Latest Scholarship

April 27, 2011

In Passing: Keith Aoki

Cross-posted from IntLawGrrls.

How to begin paying my respects to Keith Aoki?
Keith (above) worked across the hall from me these past 4 years. He'd joined us as a Professor of Law at the University of California-Davis in 2007, having been the Philip H. Knight Professor of Law at the University of Oregon.
It was always a delight to visit with Keith, to share in his ever-present cheerfulness as we mulled questions of law, politics, and myriad other areas.
Emphasis on "myriad."
Keith's expertise won renown in many fields:
► Law and social science.
Local government, intellectual property, Asian American studies, cultural geography, agriculture, critical theory, to name a few. This sampling of publications illustrates his breadth of intellectual endeavor: Seed Wars, Cases and Materials on Intellectual Property and Plant Genetic Resources (2008); "(In)visible Cities: Three Local Government Models and Immigration Regulation" (co-authored, 2008); and "Is Chan Still Missing? An Essay About the Film Snow Falling on Cedars and Representations of Asian Americans in U.S. Films" (2001).
► Art, too.
As explained at page 73 here: "In the mid-1980s" Keith, holder of bachelor's and master's degrees in fine arts, "decided to leave the bohemian art demimonde to go to Harvard Law School." Keith drew wonderful cartoons. Some made their way into graphic accounts of law, such as Bound by Law? Tales from the Public Domain (2006). Bound is available free online via a Creative Commons license -- a fact that hints at Keith's generosity, to colleagues, students, everyone. A couple years ago Keith gave a hard copy to my then-preteen son, who absorbed it avidly and is now wont to cite chapter and verse of copyright law. (Keith co-authored Bound with James Boyle and Jennifer Jenkins, the latter of whom remembers him here. Other remembrances are here, here, here, and here.)
Keith's creative expression included playing bass in a band, the Garden Weasels, and that avocation contributed to the forthcoming graphic book by him and his co-authors, Theft! A History of Music.
In addition to valuing his friendship, I've been particularly grateful for Keith's unflagging support for the California International Law Center at King Hall, the law school initiative founded 2 years ago. He was a member of our CILC Faculty Council, served on CILC committees, and helped immensely with program suggestions and speaker invitations.
Keith passed away yesterday morning, at age 55. He is survived by his wife Mona, their 9-year-old twin daughters, and a world of friends. We will miss him beyond words.


April 25, 2011

Elitism and Education (Part IV): Admission Office Bias Against Rural Students?

In a prior post about Thomas Espenshade and Alexandria Walton Radford’s book, No Longer Separate, Not Yet Equal: Race and Class in Elite College Admission and Campus Life, I mentioned Ross Douthat’s assertion that “the downscale, the rural and the working-class” whites were most disadvantaged in elite college admissions. In this second installment about the book and Douthat’s 2010 column comments on it, I want to discuss the rural issue, which Douthat characterizes as bias against rural or “Red America.” Douthat wrote:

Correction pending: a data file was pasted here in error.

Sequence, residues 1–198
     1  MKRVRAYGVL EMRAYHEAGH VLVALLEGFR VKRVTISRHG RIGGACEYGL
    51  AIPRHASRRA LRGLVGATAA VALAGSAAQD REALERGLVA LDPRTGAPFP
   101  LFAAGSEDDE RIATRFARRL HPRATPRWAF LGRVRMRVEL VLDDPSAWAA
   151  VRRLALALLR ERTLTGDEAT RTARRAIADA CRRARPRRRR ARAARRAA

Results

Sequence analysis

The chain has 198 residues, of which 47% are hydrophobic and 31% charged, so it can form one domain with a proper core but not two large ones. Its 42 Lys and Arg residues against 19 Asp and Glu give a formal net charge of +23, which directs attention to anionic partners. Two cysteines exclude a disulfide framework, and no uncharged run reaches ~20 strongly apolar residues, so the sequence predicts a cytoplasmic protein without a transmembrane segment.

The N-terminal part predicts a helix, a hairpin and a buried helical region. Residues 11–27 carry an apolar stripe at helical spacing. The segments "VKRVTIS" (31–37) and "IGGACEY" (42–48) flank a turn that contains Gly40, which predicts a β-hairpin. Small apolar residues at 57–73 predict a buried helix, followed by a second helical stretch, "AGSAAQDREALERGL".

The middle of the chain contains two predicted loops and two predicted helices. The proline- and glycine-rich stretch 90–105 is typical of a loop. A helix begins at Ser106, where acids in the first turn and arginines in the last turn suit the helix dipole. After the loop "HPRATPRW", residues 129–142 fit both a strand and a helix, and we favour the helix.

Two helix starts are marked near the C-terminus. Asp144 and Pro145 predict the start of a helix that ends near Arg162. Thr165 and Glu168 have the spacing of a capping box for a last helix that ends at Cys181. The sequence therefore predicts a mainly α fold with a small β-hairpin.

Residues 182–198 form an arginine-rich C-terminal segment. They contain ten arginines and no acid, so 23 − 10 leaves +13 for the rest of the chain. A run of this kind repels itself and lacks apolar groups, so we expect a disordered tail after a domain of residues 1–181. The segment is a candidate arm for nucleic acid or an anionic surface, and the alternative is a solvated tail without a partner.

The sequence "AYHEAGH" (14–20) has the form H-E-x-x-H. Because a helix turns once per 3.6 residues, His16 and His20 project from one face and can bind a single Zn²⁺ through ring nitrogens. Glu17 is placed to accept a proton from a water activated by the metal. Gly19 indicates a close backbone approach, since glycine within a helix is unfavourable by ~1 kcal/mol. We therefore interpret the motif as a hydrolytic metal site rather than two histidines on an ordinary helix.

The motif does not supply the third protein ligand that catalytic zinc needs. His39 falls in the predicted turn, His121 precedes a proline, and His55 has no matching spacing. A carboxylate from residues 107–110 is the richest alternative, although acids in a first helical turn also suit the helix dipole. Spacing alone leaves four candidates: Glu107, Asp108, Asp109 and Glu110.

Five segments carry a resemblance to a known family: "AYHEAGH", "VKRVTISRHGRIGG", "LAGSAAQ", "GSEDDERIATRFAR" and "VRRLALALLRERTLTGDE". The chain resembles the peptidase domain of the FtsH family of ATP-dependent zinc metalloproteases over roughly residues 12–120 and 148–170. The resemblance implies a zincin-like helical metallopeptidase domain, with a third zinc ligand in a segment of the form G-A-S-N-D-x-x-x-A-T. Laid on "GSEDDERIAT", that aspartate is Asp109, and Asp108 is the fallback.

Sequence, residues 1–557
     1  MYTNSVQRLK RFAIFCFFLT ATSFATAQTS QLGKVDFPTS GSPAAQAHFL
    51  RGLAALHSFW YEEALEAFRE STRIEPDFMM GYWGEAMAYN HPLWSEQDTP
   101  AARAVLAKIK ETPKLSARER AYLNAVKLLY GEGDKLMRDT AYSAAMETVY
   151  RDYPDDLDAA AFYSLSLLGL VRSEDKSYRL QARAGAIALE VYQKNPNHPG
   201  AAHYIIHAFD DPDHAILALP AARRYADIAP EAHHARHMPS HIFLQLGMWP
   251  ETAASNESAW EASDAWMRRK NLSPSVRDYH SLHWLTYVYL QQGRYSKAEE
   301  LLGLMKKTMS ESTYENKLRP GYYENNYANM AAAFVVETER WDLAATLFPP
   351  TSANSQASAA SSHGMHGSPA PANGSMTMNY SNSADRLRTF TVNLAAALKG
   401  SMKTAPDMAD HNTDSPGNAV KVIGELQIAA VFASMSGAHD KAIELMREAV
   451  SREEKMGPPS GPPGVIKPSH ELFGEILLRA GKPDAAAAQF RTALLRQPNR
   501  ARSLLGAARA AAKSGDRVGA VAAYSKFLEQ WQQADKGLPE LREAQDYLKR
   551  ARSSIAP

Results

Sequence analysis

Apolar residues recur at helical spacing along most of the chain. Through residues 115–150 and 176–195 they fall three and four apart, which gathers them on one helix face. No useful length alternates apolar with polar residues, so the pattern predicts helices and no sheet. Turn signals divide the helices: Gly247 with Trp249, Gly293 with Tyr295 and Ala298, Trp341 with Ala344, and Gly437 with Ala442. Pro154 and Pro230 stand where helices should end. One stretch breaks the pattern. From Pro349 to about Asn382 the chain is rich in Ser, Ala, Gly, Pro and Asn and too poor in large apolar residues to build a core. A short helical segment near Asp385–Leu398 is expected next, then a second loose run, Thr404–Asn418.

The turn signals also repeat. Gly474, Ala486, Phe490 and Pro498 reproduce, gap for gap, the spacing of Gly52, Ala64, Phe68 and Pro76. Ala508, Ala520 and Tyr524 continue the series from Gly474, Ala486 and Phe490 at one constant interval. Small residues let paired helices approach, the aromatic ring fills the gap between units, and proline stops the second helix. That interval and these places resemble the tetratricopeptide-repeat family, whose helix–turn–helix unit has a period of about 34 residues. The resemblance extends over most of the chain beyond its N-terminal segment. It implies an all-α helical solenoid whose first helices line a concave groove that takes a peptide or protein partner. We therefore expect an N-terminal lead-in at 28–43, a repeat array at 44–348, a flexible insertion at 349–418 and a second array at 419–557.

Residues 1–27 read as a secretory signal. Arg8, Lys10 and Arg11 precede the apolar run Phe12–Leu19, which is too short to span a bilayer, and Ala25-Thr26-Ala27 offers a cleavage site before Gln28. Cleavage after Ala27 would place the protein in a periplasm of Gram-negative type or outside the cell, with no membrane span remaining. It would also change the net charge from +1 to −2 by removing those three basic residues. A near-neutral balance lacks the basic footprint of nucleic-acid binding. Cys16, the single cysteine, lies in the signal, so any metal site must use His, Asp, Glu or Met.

“[W]hile most extracurricular activities increase your odds of admission to an elite school, holding a leadership role or winning awards in organizations like high school R.O.T.C., 4-H clubs and Future Farmers of America actually works against your chances.”

In his response to Douthat’s initial column, Espenshade clarified that rural-oriented extracurriculars are not the only ones whose value is discounted by admission offices. Espenshade wrote:

“These extracurriculars might include 4-H clubs or Future Farmers of America, as Douthat mentions, but they could also include junior ROTC, co-op work programs, and many other types of career-oriented endeavors. Participating in these activities does not necessarily mean that applicants come from rural backgrounds. The weak negative association with admission chances could just as well suggest that these students are somewhat ambivalent about their academic futures.”

As a related matter, Espenshade clarifies that applicants from “Red” states have better odds of getting into an elite university than those from more populous states, many of which are “Blue.”

“Compared to otherwise similar applicants from California, those from Utah are 45 times as likely to be admitted to one of our elite colleges or universities. The advantage for applicants from West Virginia or Montana is 25 times greater, and nearly 10 times greater for students from Alabama. Because top private schools seek geographic diversity, and students from America’s vast middle are less likely to apply, it stands to reason that their admission chances are higher.”

This part of Espenshade’s response essentially skirts the rural issue by ignoring the fact that entire states are not rural, even if they are popularly perceived as “Red.” In short, Espenshade gets the scale wrong. If the goal is geographic diversity beyond a very superficial level, we should be considering not an applicant’s state of origin, but rather county of origin. I would guess that those being admitted from Montana are far more likely to hail from Billings, Bozeman, Missoula or Kalispell, less likely to have grown up in Columbus, Harlowton, Derby, or Plentywood. As Douthat points out, admitted Alabamans hardly represent meaningful geographic diversity and do nothing to enhance socioeconomic diversity if they are products of elite institutions such as Indian Springs School in Birmingham, which is a feeder institution to the Ivy Leagues. Further, Salt Lake City, Montgomery, and Charleston are metropolitan areas, not exactly the hinterlands.